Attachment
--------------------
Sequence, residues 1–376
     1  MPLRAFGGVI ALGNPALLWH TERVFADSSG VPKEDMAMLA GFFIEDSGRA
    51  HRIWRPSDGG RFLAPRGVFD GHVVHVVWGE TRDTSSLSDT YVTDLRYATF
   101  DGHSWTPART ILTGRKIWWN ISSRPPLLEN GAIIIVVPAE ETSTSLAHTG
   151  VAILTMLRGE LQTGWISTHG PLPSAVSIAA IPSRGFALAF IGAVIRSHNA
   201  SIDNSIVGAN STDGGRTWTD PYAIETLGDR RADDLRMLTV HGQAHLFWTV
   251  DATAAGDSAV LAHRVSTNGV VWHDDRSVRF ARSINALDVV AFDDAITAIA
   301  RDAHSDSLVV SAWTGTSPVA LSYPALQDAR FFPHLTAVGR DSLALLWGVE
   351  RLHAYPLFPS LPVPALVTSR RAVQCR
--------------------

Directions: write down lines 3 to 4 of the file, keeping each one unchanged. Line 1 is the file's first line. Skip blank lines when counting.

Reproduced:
    51  HRIWRPSDGG RFLAPRGVFD GHVVHVVWGE TRDTSSLSDT YVTDLRYATF
   101  DGHSWTPART ILTGRKIWWN ISSRPPLLEN GAIIIVVPAE ETSTSLAHTG